[00:06:08] The slug is set in the context, so anything that we set there. And I'm realizing now that I did this a different way when I originally set this up. So I'm just gonna use the slug and search the slug that equals the slug. So now that we've set this, in here it's available as a variable.

[00:06:27] And then we're gonna search for the MDX files that have a frontmatter slug that equals whatever the value of this variable is. Inside of that we're gonna get the frontmatter. We want the title and author, and then we want the body of the post as returned by MDX.

[00:06:45] We've imported this MDX renderer which means that down here we've got our data. And so I can instead of using this, I can do MDXRender and I just pass in the,
>> Jason Lengstorf: Well, let's simplify this a little bit. We're gonna destructure a little further. We're gonna destructure to the MDX.

[00:07:06] And I'm going to pull out we're gonna rename mdx: post so that it's clear what we're using. So data is gonna be all of this. MDX is here and then I'm aliasing it to post. That's a trick of destructuring if you haven't seen that before. So up here now, I can do post.frontmatter.title.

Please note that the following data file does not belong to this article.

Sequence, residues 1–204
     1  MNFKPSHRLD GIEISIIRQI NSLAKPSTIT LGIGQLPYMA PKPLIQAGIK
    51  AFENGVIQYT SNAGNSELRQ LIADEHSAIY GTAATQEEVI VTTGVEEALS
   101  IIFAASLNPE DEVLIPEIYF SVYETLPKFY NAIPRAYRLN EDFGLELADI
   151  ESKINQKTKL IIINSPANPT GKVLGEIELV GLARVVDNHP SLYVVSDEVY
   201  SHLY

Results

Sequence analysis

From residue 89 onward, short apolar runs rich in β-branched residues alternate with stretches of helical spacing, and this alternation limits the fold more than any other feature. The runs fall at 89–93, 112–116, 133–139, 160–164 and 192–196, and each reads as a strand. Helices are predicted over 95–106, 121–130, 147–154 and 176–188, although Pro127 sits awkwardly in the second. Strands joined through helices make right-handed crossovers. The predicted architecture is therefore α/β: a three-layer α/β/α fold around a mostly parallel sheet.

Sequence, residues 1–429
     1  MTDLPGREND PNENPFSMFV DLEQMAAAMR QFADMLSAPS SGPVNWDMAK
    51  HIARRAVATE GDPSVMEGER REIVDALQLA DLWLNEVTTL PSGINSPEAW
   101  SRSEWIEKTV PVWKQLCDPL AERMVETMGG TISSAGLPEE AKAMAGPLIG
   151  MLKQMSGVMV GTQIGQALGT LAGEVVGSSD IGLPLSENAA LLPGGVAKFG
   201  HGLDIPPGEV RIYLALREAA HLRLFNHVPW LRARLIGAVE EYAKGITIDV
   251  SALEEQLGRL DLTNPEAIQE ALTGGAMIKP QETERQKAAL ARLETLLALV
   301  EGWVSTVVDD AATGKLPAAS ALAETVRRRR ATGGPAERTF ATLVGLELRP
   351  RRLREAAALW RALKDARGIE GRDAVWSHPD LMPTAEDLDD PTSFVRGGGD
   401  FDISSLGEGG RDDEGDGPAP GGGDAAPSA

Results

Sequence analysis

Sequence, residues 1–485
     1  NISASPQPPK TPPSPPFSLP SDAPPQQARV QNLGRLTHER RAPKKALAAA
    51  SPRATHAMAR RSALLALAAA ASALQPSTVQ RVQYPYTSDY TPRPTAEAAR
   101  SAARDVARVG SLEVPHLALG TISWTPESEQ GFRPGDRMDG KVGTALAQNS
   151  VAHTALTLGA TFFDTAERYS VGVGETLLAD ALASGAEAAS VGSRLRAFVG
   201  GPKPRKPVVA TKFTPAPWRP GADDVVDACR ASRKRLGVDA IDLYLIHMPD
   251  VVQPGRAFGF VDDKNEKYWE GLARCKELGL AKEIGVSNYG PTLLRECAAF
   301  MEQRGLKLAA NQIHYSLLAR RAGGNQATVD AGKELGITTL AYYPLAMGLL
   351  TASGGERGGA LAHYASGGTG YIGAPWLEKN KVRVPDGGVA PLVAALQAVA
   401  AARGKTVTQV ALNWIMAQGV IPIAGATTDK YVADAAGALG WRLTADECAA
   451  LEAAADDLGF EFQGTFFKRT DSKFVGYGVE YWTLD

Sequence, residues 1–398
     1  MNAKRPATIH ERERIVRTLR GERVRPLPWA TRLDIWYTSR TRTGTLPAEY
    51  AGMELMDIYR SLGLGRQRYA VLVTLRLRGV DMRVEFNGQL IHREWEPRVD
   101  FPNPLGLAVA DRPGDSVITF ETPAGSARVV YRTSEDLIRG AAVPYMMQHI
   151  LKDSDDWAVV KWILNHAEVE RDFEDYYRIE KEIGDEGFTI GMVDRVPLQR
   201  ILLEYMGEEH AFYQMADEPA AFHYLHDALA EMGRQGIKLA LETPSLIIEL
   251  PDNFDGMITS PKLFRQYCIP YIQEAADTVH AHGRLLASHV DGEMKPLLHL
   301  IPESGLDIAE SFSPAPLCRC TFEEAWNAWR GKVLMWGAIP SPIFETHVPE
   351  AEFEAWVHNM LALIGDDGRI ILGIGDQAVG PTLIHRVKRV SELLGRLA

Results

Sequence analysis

[00:07:32] And down here I can say post.code.body. And let's just test that and make sure that works before we go too much further.
>> Jason Lengstorf: Okay, it's not liking it. And it's not liking it because I didn't stop and restart the server after we wrote a query.
>> Jason Lengstorf: I hope I also might have just coded this wrong.

[00:08:01] There we go. Okay, so this is good. We got back our post. We're getting our title. If I go back out here and I click into this one, great, we're getting our title and we're getting our content. So let's clean up the rest of this boilerplate. So we don't need that one anymore.

[00:08:19] And we want this to be the post.frontmatter.author.
>> Jason Lengstorf: Okay, it's starting to look like a blog.